This is where culture comes in. This is the area where music, films, literature, home videos, can play prominent roles. Like Aja clearly stated: “to save the future generation of Africans of persistent scourge of divisiveness and violent extremism, the AU member states need to embrace strongly the philosophy of Pan-Africanism. It is an invigorating process rather than finished products. Noteworthy is that rebirth of Pan-Africanism in the 21st century is not far from the current Chinese Dream which is about unity of purpose, self-rejuvenation at home and abroad”.
On the entertainment and creative fronts scholars agreed that artists have to step up their game to square it up with the rest of the world. Most of the guests who spoke equally noted that the youths can redirect their energies towards ideas revolving around Pan-Afrcanism. But the youths themselves have to be told on time the values of Pan-Africanism and what it stands for. Now, when the leaders have not done it properly, it is the youths who should forge ahead with these ideals in the 21st century in order to restore the dignity, value and esteem of the continent.
Abike Dabiri, presidential adviser on Diaspora and Otunba Olusegun Runsewe, Director-General of National Council for Arts and Culture, each spoke glowingly on the need to ensure we have a crime-free era in the plans we have for the youths. “Nigerian youths are not all criminals”, Runsewe maintained while Dabiri observed that “419 does not have a Nigerian face”. Yet, it is time for Nigeria and South Africa, the two biggest economies in Africa come together to give Africa the rebirth it needs in the 21st century. Xenophobia is a crime; where Africa is against Africa and where brothers slaughter brothers.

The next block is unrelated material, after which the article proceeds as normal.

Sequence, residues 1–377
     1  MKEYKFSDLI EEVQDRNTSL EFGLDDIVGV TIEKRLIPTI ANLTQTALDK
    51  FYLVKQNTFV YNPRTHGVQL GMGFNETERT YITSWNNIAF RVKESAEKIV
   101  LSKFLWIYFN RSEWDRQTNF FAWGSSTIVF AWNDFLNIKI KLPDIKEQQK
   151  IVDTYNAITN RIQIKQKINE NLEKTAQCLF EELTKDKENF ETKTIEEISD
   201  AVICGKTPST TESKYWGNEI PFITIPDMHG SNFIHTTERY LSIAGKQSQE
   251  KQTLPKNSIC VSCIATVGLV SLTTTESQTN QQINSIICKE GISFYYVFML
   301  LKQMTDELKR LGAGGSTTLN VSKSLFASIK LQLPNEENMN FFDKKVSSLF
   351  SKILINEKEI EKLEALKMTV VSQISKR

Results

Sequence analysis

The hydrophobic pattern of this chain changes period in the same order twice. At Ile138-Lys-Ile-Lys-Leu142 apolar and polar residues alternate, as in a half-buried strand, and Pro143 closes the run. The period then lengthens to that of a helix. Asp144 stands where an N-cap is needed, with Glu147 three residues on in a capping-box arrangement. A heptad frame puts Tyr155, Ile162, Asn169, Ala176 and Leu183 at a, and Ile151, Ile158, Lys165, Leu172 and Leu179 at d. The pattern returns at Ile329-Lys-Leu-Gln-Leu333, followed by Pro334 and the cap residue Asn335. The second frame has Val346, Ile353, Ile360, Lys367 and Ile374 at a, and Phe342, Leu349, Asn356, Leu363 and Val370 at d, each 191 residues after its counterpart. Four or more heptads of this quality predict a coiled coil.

Migration also dominated part of the debates. So also the issue of Diasporan Africans who now constitute the 6th region of Africa. A paper on the issue of migration stated it clearly that the movement of people from one to location to another is not new and will never end, it is proper to redefine the odd ways Africans engage in it. In the end over forty papers were delivered on varied areas of life endeavours that pertain to Pan-Africanism.
Some of the scholars present were Professors Okpeh Okpeh, Emmanuel Dandaura, Canice Esideme, CBN Ogbogbo, Adegba Okpaga and others. Chairman of CBAAC Board Tony Esu who praised the agency agreed that more of this type of conference needs to be organized to keep Africa on the front-burner. The event took place at the International Conference Centre and the Royalty Hotel, Abuja, with the full backing of Mrs. Grace Isu-Gekpe, the permanent secretary of the Federal Ministry of Information and Culture. Also Ambassador Ozo Nwobu, gave his tacit support and encouragement throughout the conference.
Just like Dr. Ofonime Inyang of the Department of Theatre Arts and Film Studies of the University of Uyo in his paper titled the role of Creative Industries in Pan-Africanism… said “This sector can be useful tools of reconciliation, peace building and development communication given the opportunity, the right environment and the necessary support”.